India are beatable
That might sound strange given the eight-wicket defeat Australia suffered. But for the first eight sessions of the match, and then the last two, it was an even contest. But from tea on day three until tea on day four India got away, first through MS Dhoni and then their spinners. Three bad sessions cost Australia the game. Had Australia held a few difficult chances or won a couple of line-ball lbw decisions, the outcome could have been very different. If Australia can learn from their mistakes and stay sharp for the full five days, the remaining three Tests of this series won't be a walk in the park for India.

Brydon Coverdale is an assistant editor at ESPNcricinfo. He tweets here

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© ESPN Sports Media Ltd.

Posted by wellrounded87 on (March 1, 2013, 8:55 GMT)

@Shaggy You are right Khawaja is untested with Spin. However he has a sound technique and good footwork, two very important factors in playing spin. Hughes is a lot more unorthodox which might make him vulnerable. Though i think it's far too quick to jump on hughes, one of his innings was ended by an unplayable ball produced by a clay pitch. Give him a decent run and a chance to prove himself.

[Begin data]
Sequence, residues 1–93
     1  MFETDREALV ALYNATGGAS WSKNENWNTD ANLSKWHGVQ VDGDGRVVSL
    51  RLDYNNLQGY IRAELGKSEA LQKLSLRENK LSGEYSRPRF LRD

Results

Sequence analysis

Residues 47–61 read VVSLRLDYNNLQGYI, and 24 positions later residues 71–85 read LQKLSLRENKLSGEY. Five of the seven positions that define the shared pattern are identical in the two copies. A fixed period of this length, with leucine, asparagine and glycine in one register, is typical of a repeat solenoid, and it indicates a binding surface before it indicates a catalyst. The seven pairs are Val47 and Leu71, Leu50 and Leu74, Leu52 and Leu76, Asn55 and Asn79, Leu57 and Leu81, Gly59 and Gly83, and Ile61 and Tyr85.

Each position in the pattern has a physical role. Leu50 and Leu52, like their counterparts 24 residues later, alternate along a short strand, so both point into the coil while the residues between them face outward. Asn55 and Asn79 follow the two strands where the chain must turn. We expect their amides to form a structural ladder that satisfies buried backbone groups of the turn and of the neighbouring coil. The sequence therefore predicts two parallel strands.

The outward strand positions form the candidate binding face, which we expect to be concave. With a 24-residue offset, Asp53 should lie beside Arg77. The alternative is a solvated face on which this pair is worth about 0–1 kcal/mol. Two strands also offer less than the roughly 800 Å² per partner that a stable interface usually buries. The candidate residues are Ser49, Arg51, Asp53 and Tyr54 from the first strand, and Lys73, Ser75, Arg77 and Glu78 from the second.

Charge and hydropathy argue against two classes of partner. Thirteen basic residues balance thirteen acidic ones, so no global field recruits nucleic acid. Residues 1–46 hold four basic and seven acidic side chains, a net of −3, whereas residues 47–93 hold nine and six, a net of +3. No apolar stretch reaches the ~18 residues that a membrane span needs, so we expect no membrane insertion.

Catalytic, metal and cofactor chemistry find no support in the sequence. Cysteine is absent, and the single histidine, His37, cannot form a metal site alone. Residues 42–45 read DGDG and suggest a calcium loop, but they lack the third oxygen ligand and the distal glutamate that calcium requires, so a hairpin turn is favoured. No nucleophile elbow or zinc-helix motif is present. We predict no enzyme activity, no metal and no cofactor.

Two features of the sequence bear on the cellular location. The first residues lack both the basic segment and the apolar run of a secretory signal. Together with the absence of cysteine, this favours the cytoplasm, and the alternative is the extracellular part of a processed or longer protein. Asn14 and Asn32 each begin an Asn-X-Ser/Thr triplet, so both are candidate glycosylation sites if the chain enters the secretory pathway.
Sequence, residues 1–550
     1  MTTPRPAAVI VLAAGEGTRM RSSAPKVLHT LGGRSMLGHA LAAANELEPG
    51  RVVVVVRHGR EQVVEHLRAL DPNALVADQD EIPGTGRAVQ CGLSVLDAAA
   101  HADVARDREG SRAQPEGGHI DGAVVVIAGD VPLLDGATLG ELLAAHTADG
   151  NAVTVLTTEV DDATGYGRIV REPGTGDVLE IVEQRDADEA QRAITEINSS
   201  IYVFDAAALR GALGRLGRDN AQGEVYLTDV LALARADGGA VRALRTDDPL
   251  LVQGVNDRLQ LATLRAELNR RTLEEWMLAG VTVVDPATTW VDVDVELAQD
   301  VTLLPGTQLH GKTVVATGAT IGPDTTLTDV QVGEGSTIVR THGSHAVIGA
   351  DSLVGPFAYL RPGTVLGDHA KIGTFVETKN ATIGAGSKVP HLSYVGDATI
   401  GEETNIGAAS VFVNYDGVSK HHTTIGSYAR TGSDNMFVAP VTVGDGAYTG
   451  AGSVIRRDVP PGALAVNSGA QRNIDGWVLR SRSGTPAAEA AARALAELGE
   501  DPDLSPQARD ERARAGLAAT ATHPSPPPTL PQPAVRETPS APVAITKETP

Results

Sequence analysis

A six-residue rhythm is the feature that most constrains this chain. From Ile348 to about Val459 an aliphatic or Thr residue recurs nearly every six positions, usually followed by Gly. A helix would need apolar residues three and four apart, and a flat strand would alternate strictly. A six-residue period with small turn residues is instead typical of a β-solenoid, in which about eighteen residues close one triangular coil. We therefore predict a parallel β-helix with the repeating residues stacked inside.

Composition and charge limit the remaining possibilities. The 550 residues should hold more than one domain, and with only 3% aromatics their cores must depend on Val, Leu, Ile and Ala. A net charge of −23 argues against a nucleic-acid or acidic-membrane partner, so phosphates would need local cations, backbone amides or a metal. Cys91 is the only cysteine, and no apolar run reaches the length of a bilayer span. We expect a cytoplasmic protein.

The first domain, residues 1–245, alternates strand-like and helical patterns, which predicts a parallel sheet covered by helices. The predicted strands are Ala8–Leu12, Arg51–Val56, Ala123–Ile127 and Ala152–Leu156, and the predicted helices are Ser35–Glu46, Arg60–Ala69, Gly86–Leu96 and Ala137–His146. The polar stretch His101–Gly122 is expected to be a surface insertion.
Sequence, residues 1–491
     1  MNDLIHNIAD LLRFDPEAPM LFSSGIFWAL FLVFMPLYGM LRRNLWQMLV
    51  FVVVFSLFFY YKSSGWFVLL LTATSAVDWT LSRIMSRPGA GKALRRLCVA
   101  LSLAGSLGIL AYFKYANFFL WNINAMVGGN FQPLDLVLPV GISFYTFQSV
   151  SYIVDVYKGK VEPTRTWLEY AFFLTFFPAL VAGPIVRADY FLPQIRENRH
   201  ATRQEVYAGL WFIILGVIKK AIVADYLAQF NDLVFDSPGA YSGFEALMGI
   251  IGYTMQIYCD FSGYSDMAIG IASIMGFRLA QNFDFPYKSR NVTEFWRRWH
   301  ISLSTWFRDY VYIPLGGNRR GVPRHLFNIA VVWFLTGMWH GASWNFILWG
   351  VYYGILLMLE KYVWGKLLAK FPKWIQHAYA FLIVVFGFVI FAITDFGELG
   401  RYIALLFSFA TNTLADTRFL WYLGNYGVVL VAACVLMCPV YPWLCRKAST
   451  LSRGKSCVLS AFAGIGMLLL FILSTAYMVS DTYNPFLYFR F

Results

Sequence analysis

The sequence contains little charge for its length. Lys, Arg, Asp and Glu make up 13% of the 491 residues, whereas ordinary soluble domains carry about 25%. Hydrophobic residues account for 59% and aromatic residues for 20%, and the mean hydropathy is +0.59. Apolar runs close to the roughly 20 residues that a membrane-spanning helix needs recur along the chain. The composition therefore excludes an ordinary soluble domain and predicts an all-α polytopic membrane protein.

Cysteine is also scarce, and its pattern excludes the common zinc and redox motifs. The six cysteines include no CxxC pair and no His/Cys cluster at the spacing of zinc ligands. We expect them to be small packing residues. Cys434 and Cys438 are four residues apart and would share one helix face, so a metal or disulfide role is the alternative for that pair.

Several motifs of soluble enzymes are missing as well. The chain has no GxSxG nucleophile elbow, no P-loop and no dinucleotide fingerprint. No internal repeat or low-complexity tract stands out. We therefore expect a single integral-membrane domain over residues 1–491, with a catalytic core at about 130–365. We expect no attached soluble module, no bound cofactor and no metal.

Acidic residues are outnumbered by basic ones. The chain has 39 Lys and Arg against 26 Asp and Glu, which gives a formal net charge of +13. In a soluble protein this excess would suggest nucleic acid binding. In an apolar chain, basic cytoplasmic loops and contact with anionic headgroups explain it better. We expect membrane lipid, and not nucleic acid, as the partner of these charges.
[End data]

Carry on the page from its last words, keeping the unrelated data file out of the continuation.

Posted by ramli on (March 1, 2013, 8:20 GMT)

Brydon .. if Clarke was adjudged out correctly of bat-pad very early in his innings ... Aus would have been bundled even more cheaply ... so ... India were true winners in Chennai ... accept it

Posted by   on (March 1, 2013, 7:59 GMT)

There are no mysteries. There are blatant deficiencies in both teams. The team which handles the deficiencies better will be the winner

Posted by Shaggy076 on (March 1, 2013, 6:19 GMT)